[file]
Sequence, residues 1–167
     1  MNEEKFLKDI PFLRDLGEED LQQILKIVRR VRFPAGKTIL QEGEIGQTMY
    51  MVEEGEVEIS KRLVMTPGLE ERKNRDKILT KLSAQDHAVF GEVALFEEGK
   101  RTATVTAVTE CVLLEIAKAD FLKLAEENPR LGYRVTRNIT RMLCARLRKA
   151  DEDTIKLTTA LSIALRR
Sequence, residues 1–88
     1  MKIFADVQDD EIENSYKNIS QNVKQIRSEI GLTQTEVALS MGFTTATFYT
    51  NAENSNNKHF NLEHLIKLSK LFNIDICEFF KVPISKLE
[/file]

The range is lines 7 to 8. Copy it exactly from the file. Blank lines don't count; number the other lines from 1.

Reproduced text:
     1  MKIFADVQDD EIENSYKNIS QNVKQIRSEI GLTQTEVALS MGFTTATFYT
    51  NAENSNNKHF NLEHLIKLSK LFNIDICEFF KVPISKLE